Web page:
Name: Kiki Smith
DOB: 18 January 1954
Place of birth: Nuremberg, Bavaria, Germany
Ms. Smith, what does freedom mean when it comes to art?
I would say I have a lot of freedom as an artist but I don’t think that makes me free. My work does what it does and I just try to follow it. I would love to be a much better artist but you are just who you are and you’re given what you’re given. And the next person is given what they’re given. You can be free, and that certainly means something, that I have mobility and agency and I can get up in the morning and work on my art rather than do something else… But right now, I’m doing etchings of dandelions. That’s what I’m given. That’s what my brain says. “Pay attention to the dandelions and the bees.” And so I do that.
The bees? Is that because your husband is a beekeeper?
Yes, my husband loves his bees and is very sensitive and thinking about it, and reading about them all the time. I think there’s about 2000 different kinds of bees in the United States! And one is very lucky if their bees stay alive. One can strategize different ways to try to keep bees alive but they are also very much at the mercy of the pesticides and chemicals that are allowed to proliferate thanks to the government.
“One can work collectively but one can also start at home, start within themselves.”
Do you worry about nature and the environment? Your art would suggest that you do.
I think I just want to notice and pay attention to animals. Once I had dream about a ship, and instead of Noah’s Ark, it was singular animals on a death barge. I ended up making this big black drawing based on those animals and I showed it in Washington when Clinton failed to sign the Kyoto Protocol. You know, we were facing this extinction of large mammals with global warming… But mostly due to deforestation and displacement and humans taking up space, so I had this idea that I really do have to pay attention to animals.
Richard Gere said that protests and demonstrations by the people are more valuable right now than having an artist-leader come forward.
I think young people today are very active already. I know young people here in Munich working with refugees. In New York, all these young people are becoming first generation farmers… I think people are very active, politically, and in all different ways.
And people can also be politically or environmentally active in ways that are more subtle.
Right, I mean, one should try to educate oneself, change oneself in one’s own life, you know? And just become more conscious person. One can work collectively but one can also start at home, start within themselves. There are critical moments where things change because people don’t want it anymore and they have the possibility to move. I think in a sense, the #MeToo movement now is about that. It’s just about people saying, like, “These presumptions or things that we take for granted as being normal are no more normal than anything else.” And then the paradigm shifts and people go, “Well, I don’t want to live that way anymore.” I think those are the things that are big cultural fights that are happening all the time. People have to, at any age, be citizens.
What do you mean?
You have to try to be a citizen. I can take on very many different forms, ones that are very overt and some that are quiet. And all things can be beneficial. So, I have no idea what people should do so to say that someone is not active enough — I’m not active enough either! I just took an airplane to get to this exhibition at Haus der Kunst. I don’t think my behavior has helped animals in any way particularly but I know that at least I want to be present for the nature that’s around me. I want to see it.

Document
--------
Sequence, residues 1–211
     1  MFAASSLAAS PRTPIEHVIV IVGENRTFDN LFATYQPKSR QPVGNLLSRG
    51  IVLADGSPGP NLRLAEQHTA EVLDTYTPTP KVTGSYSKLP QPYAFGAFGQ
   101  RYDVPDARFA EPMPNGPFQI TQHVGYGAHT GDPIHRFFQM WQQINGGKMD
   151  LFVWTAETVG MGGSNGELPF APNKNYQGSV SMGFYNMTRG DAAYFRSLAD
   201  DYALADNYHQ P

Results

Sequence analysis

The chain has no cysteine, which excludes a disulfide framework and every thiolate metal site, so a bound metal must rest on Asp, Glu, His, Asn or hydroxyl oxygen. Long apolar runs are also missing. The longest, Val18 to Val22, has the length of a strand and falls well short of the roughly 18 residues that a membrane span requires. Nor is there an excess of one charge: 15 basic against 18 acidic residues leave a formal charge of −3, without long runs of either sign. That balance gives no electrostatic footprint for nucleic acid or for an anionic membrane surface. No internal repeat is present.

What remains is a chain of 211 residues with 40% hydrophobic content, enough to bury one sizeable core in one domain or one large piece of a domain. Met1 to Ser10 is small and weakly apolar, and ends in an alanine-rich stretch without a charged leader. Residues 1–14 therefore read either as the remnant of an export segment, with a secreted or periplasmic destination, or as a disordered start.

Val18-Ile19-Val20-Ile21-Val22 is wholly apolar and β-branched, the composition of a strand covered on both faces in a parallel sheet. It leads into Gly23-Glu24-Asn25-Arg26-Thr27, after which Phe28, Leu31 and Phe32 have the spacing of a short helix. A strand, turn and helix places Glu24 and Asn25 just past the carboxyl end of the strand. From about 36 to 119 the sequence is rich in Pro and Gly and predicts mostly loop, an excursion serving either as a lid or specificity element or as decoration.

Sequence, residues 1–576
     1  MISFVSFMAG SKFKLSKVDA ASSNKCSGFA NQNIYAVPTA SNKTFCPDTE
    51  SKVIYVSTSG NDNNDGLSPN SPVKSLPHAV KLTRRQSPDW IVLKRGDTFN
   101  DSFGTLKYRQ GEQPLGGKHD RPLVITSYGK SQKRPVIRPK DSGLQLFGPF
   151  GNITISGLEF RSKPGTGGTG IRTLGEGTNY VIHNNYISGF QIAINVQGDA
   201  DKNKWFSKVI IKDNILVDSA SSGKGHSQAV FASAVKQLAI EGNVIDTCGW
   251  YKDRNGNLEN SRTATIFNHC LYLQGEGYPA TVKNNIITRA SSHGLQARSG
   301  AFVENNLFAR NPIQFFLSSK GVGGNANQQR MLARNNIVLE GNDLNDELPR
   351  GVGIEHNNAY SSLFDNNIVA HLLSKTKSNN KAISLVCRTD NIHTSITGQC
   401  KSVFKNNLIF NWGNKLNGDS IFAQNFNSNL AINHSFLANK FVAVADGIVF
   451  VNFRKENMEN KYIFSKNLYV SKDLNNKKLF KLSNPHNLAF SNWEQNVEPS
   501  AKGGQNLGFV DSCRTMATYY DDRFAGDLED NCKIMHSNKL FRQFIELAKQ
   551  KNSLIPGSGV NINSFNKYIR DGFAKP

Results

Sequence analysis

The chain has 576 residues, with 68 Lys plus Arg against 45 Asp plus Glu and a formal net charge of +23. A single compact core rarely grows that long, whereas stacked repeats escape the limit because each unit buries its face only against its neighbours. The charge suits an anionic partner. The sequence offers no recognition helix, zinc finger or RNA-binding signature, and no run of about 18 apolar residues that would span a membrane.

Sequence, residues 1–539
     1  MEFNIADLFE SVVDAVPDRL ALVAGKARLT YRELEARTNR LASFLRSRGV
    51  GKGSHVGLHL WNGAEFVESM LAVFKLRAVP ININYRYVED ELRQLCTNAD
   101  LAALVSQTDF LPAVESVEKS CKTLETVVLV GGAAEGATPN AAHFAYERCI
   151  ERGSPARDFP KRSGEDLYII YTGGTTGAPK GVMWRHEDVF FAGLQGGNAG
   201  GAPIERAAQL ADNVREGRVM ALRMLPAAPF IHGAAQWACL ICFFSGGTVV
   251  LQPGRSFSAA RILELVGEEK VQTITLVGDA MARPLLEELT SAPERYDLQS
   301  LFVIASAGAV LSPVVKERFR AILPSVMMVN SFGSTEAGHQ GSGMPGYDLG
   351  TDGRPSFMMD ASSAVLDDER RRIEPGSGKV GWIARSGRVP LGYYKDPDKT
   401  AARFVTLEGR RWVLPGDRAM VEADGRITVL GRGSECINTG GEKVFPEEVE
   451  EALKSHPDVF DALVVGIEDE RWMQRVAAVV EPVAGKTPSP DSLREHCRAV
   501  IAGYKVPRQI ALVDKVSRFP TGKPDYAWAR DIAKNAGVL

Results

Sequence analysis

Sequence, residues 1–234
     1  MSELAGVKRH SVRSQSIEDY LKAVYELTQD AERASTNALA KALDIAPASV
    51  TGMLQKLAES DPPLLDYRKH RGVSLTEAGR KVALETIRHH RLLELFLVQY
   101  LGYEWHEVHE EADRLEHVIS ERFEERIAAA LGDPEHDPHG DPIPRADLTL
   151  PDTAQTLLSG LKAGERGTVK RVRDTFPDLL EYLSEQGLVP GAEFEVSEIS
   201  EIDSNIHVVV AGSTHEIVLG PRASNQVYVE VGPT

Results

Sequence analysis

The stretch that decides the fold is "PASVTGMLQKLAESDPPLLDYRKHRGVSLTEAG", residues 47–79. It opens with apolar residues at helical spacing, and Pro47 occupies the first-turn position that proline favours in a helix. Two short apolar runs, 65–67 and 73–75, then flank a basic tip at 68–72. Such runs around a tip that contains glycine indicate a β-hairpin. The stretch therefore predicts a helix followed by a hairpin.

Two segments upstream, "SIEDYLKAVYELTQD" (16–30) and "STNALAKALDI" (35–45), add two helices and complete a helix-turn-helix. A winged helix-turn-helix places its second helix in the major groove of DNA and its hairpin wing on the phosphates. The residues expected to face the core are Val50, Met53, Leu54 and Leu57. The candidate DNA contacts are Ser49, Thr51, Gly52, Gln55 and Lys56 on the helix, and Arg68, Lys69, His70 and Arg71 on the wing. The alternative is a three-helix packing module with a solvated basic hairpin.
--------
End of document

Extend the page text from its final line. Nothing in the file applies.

Is that why you make art?
I just like making art. I like making things! But I also can make jam or wine or something like that and that’s very satisfying also. In a way, in this stage of the game, it’s nice to think about making something that you don’t have to babysit the whole rest of your life, something that goes away, gets eaten or gets drunk, and disappears off the planet… I’m 64 so I’ve started thinking about, “What am I doing with all this stuff that I’ve felt the necessity to make? Is it necessary to be proliferating the world with my brain endlessly?” At the same time, I’m as selfish as any other artist, I really feel the most clearly myself when I’m making my work.
Would you really call it selfishness?
(Laughs) I think that artists are some of the most privileged people on earth. You take the privilege to be an artist, like as a self-determined preoccupation, you just say, “I want to be an artist,” then you say, “I am an artist,” and then you’re an artist. You don’t have to be a good one or a bad one or anything but if you’re willing to devote your time to it, it gives you a great life.
“Art was a place that I felt like I could represent myself as a person, that I felt safe with.”
Is that what you meant when you said that your art saved your life?
I think for me emotionally, art gave me a place to express myself in which I felt like myself. It was a place that I felt like I could represent myself as a person in an external manner, that I felt safe with because it has some space between you and it, but also that I felt good about and that I enjoyed. That’s really how I meant it: emotionally. It’s a tremendous privilege to be an artist, and I’ve been very privileged to be one.
I think it’s a privilege to be a writer as well.
Yeah, it is! But these are all privileges that are taken. You don’t have control of how other people receive it but you can wake up and say, “Okay, now I’m a writer.” You can have no talent and just get better at it or not get better at it. You can learn on the job… And if you can keep it going, then everybody’s lucky. We’re the luckiest people on earth.